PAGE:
BACKGROUND: Coronavirus disease 2019 (COVID-19) emerged as a worldwide health crisis, overwhelming healthcare systems. Elevated cardiac troponin T (cTn T) at admission was associated with increased in-hospital mortality. However, data addressing the role of cTn T in major adverse cardiovascular events (MACE) in COVID-19 are scarce. Therefore, we assessed the role of baseline cTn T and cTn T kinetics for MACE and in-hospital mortality prediction in COVID-19.
METHODS: Three hundred and ten patients were included prospectively. One hundred and eight patients were excluded due to incomplete records. Patients were divided into three groups according to cTn T kinetics: ascending, descending, and constant. The cTn T slope was defined as the ratio of the cTn T change over time. The primary and secondary endpoints were MACE and in-hospital mortality.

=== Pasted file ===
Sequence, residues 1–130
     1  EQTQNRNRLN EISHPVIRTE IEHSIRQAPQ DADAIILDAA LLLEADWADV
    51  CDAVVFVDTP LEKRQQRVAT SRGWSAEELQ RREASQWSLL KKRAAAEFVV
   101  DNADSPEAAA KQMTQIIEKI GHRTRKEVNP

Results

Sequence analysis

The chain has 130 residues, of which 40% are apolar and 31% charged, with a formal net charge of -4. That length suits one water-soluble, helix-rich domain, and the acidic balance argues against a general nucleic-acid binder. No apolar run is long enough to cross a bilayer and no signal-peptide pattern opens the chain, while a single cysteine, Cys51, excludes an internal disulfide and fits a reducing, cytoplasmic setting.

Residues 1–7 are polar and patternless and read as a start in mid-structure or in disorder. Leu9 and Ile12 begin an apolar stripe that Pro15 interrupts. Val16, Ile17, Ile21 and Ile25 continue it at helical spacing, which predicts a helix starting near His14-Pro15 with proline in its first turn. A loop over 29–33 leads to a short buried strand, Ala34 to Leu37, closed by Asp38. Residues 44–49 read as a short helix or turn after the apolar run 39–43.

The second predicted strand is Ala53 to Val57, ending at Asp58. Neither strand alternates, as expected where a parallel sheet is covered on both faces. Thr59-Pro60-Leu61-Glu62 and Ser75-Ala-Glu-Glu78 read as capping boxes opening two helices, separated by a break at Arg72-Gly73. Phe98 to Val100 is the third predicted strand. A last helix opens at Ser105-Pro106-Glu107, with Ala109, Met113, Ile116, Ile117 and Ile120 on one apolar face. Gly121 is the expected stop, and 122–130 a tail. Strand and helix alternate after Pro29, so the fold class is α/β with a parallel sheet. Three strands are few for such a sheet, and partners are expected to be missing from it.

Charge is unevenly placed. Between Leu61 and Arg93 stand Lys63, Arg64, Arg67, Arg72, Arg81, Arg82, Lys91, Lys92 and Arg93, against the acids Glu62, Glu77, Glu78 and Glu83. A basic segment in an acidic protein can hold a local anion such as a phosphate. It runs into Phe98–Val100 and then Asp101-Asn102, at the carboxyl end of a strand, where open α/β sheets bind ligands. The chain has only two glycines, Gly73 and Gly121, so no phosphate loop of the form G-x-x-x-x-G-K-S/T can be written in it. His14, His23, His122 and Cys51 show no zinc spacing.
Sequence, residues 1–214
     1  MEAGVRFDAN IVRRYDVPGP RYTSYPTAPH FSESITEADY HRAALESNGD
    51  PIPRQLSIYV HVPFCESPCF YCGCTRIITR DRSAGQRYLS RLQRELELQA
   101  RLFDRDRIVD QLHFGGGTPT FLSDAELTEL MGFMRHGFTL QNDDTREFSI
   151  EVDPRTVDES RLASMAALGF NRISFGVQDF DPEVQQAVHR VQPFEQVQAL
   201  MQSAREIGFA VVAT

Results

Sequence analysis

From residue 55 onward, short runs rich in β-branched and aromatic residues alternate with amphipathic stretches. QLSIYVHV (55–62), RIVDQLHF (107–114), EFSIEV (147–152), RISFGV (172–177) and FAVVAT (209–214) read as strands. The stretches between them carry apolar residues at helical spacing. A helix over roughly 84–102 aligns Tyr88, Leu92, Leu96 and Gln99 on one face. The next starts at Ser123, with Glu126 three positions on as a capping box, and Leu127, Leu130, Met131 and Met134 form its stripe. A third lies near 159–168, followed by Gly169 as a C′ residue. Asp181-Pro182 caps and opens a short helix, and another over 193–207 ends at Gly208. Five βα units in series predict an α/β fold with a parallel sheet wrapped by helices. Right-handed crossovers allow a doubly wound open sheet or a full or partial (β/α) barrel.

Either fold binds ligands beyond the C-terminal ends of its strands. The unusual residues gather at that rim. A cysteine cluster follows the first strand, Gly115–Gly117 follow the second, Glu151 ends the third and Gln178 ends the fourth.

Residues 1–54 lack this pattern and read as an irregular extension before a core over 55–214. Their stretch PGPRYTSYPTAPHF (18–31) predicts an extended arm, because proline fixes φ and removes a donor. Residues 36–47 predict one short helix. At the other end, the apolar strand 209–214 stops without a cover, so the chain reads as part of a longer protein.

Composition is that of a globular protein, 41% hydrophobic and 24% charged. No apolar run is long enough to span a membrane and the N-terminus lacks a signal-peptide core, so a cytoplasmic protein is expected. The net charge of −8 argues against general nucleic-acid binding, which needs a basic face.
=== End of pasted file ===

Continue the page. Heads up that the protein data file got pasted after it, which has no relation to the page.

RESULTS: Two hundred and two patients were included in the analysis (mean age 64.4 ± 16.7 years, 119 [58.9%] males). Mean duration of hospitalization was 14.0 ± 12.3 days. Sixty (29.7%) patients had MACE, and 40 (19.8%) patients died. Baseline cTn T predicted both endpoints (p = 0.047, hazard ratio [HR] 1.805, 95% confidence interval [CI] 1.009-3.231; p = 0.009, HR 2.322, 95% CI 1.234-4.369). Increased cTn T slope predicted mortality (p = 0.041, HR 1.006, 95% CI 1.000-1.011). Constant cTn T was associated with lower MACE and mortality (p = 0.000, HR 3.080, 95% CI 1.914-4.954, p = 0.000, HR 2.851, 95% CI 1.828-4.447).
CONCLUSIONS: The present study emphasizes the additional role of cTn T testing in COVID-19 patients for risk stratification and improved diagnostic pathway and management.